A Delhi court on Wednesday rejected Kashmiri separatist leader Yasin Malik’s contention that he was following the Gandhian principle of non-violence, saying despite the large scale of violence engulfing the valley, he neither condemned the violence nor withdrew his calendar of protest.
The court awarded life imprisonment to Yasin Malik in a terror funding case. Special Judge Praveen Singh also awarded him varying jail terms for various offences under the stringent Unlawful Activities Prevention Act (UAPA) and the Indian Penal Code (IPC).
The court also imposed a fine of over Rs 10 lakh on Malik. The life term was awarded for two offences — Section 121 (waging war against the government of India) of IPC and Section 17 (raising funds for the terrorist act) of the UAPA. All the sentences will run concurrently.
Special Judge Praveen Singh also dismissed Malik’s contention that he gave up the gun in 1994 and, thereafter, he was recognized as a legitimate political player, observing that “in my opinion, there was no reformation of this convict.”
“It may be correct that the convict may have given up the gun in the year 1994, but he had never expressed any regret for the violence he had committed prior to the year 1994. It is to be noticed that, when he claimed to have given up the path of violence after the year 1994, the government of India took it upon its face value and gave him an opportunity to reform and in good faith, tried to engage in a meaningful dialogue with him and as admitted by him, gave him every platform to express his opinion,” the judge said.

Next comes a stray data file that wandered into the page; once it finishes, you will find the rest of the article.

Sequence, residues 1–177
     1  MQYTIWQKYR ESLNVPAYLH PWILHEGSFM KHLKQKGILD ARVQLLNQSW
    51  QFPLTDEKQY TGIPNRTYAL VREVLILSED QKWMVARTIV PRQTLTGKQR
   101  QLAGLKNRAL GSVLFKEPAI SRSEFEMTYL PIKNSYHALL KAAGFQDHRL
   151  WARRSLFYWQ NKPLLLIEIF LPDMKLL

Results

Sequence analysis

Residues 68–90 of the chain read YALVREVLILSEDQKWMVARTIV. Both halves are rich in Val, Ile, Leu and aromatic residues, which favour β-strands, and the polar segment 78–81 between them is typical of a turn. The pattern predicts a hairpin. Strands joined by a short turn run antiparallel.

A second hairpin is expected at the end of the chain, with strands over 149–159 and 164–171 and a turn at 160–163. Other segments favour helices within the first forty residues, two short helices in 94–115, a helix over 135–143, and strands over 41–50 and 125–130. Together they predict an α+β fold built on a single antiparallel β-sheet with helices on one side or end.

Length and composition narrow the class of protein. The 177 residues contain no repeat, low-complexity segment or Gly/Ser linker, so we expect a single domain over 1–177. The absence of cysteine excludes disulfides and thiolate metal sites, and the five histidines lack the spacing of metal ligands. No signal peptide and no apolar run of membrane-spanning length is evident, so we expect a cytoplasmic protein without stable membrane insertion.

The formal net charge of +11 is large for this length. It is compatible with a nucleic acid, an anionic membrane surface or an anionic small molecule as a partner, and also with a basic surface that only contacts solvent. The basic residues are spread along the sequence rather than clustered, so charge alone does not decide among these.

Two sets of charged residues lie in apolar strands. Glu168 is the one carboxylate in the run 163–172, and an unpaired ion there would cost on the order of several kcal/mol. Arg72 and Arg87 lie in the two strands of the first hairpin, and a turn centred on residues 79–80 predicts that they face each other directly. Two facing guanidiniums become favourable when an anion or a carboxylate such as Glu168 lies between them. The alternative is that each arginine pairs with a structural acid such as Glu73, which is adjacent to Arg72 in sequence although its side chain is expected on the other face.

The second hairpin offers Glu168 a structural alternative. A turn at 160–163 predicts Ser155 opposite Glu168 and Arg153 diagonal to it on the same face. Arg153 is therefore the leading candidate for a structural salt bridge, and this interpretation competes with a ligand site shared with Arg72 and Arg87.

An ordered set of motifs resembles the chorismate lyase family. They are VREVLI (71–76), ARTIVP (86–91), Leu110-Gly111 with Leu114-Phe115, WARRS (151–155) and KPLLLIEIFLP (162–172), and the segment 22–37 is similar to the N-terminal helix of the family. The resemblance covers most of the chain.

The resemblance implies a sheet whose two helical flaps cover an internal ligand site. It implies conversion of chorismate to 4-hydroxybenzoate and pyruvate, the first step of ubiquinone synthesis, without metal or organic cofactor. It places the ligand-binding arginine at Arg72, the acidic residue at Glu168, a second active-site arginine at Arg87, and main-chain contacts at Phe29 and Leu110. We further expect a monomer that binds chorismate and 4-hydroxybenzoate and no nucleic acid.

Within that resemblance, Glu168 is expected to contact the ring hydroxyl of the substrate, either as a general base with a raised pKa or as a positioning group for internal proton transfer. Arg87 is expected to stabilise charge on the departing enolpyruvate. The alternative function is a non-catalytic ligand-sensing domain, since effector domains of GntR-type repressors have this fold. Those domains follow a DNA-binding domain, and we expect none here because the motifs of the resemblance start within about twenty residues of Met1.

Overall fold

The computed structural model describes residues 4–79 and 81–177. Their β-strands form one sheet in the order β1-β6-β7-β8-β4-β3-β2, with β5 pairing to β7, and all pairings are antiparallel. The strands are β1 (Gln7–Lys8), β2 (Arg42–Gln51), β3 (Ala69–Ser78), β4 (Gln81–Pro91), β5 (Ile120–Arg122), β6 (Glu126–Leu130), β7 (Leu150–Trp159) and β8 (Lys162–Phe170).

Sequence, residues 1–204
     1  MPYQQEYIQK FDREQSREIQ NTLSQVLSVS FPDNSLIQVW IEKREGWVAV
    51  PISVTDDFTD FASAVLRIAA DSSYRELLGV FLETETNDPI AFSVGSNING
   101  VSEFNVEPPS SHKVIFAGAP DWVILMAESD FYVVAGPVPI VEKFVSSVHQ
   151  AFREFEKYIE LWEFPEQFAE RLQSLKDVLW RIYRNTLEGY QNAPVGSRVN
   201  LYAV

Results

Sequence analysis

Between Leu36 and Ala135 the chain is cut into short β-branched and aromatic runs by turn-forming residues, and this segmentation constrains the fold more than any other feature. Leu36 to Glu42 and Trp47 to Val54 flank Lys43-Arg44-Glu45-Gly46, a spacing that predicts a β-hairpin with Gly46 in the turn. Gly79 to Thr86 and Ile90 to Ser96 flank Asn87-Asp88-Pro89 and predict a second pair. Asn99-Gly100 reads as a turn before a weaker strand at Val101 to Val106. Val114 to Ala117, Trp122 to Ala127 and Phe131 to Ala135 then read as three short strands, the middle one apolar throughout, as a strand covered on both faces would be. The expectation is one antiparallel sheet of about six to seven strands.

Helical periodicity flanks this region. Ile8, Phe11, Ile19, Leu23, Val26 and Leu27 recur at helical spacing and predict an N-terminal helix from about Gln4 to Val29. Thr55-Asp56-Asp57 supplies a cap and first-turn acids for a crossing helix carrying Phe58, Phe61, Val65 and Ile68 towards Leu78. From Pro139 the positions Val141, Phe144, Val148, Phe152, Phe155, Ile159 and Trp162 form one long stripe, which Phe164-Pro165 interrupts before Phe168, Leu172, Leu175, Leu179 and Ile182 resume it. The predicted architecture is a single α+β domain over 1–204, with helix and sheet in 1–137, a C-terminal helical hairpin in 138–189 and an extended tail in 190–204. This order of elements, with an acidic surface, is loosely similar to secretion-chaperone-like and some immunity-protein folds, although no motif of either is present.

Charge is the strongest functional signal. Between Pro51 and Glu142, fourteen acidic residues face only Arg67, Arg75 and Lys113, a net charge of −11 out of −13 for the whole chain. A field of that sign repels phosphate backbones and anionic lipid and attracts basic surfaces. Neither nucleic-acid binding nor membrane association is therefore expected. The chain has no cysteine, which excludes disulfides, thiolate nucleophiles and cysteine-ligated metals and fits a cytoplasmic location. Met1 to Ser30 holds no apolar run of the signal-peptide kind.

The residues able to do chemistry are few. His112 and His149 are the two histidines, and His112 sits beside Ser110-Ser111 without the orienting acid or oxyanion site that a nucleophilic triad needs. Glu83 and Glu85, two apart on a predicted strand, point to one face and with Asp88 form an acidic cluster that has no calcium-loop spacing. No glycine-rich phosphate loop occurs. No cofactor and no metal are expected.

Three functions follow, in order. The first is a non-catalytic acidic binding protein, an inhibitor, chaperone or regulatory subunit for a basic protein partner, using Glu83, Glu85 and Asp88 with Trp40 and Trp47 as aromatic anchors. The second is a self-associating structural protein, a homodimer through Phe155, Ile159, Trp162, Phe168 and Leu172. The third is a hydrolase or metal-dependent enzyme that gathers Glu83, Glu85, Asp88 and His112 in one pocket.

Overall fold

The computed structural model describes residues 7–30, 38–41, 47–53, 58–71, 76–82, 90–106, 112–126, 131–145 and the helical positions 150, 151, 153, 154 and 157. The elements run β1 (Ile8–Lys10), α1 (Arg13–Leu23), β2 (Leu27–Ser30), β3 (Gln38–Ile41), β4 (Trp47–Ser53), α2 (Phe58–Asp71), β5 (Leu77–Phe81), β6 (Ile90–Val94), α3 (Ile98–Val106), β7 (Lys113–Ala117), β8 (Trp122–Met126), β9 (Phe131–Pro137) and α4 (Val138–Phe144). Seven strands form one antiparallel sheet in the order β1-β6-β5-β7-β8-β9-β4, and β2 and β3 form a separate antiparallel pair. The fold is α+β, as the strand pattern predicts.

However, as discussed in the order on the charge, the convict did not desist from violence, the court noted.
“Rather, betraying the good intentions of (the) government he took a different path to orchestrate violence in the guise of political struggle. The convict claimed that he had followed the Gandhian principle of non-violence and was spearheading a peaceful non-violent struggle. However, the evidence on the basis of which charges were framed and to which convict has pleaded guilty, speaks otherwise,” the judge said.
The entire movement (led by Malik) was planned to be a violent movement and large-scale violence ensued is a matter of fact, he noted.
“I must observe here that the convict cannot invoke the Mahatma and claim to be his follower because, in Mahatma Gandhi’s principles, there was no place for violence, howsoever high the objective might be. It only took one small incident of violence at Chauri Chaura for the Mahatma to call off the entire non-cooperation movement but the convict despite the large scale of violence engulfing the valley neither condemned the violence nor withdrew his calendar of protest which had led to the said violence,” the judge said.
“I accordingly find that in the present case, the primary consideration for awarding sentence should be that it should serve as deterrence for those who seek to follow a similar path,” the judge said.